Will cell-based meat be classified as a novel food? If so, what will this mean for producers and consumers?
By Kate Ayers
Novel foods are foods “that have been produced through new processes, that do not have a history of safe use as a food, or that have been modified by genetic manipulation,” the Government of Canada website says.
Some examples of novel foods include
- genetically modified corn
- genetically altered soybeans
- potatoes resistant to the Colorado Potato Beetle
- Flavr Savr tomato
- Clearfield canola
The Food Directorate of Health Canada has intensively reviewed these products and deemed them safe for use in Canada.
What is the regulatory process?
Health Canada needs to prove novel foods are safe and nutritious before they can be sold in Canada.
“Under the (Food and Drug) Regulations, the (novel food) developers need to provide Health Canada with a comprehensive suite of scientific data demonstrating product safety,” Rebecca Purdy, the senior media relations adviser for Health Canada, tells Better Farming.
The department then conducts a comprehensive science-based food safety assessment on the product.
“This assessment requires data on how the food was developed, a comparison of its compositional and nutritional profile with conventional counterparts, and the potential for the food to be toxic or to contain a toxin or allergen,” she says.
Likoper/iStock/Getty Images Plus photo
“After a company submits detailed scientific data for review, Health Canada’s Food Directorate scientists – experts in molecular biology, microbiology, toxicology, chemistry and nutrition – rigorously assess whether the novel food meets Canadian and international standards, and is totally safe to use,” the website says.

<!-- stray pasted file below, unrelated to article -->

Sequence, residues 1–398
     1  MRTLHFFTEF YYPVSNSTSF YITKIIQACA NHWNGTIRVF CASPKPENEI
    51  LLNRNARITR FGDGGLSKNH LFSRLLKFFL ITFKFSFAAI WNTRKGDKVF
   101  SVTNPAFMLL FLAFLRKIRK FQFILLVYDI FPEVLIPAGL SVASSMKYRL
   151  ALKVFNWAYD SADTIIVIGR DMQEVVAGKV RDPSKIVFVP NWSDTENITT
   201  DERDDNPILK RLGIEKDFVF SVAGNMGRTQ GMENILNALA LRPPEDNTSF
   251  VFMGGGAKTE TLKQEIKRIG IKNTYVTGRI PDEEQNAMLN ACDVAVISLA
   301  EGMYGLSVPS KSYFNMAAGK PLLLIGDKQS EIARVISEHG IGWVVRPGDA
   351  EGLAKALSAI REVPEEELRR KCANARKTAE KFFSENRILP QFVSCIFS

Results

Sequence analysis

Advances in transportation technology, new techniques for food preservation and processing, and genetic modifications to plants and animals have changed our food supply.
However, the federal government must consider the human health impacts of new processes and genetic modifications before any new products reach the market, the website says.
Indeed, Health Canada and the Canadian Food Inspection Agency (CFIA) jointly regulate novel foods.
Health Canada establishes standards and policies governing the safety and nutritional quality of foods. The department also develops labelling policies related to health and nutrition. The CFIA develops standards related to the packaging, labelling and advertising of foods, the website says.
More details on the submission and inspection processes for novel foods can be found on Health Canada’s website.
Where does cell-based meat fit in?
Canada does not yet have a regulatory regime for cell-based meat products but they could be classified as a novel food.
“Until Health Canada receives an application that includes specific information about how a cultured meat product is developed, the department cannot confirm with certainty that it would be considered a novel food,” Purdy says.
Regardless of its classification, cell-based meat will be held to the same standards as conventional meat in Canada.
“If the department assessed a cultured meat product and determined it to be safe for human consumption, it would remain subject to the same regulations as any other meat product on the Canadian market,” she adds. BF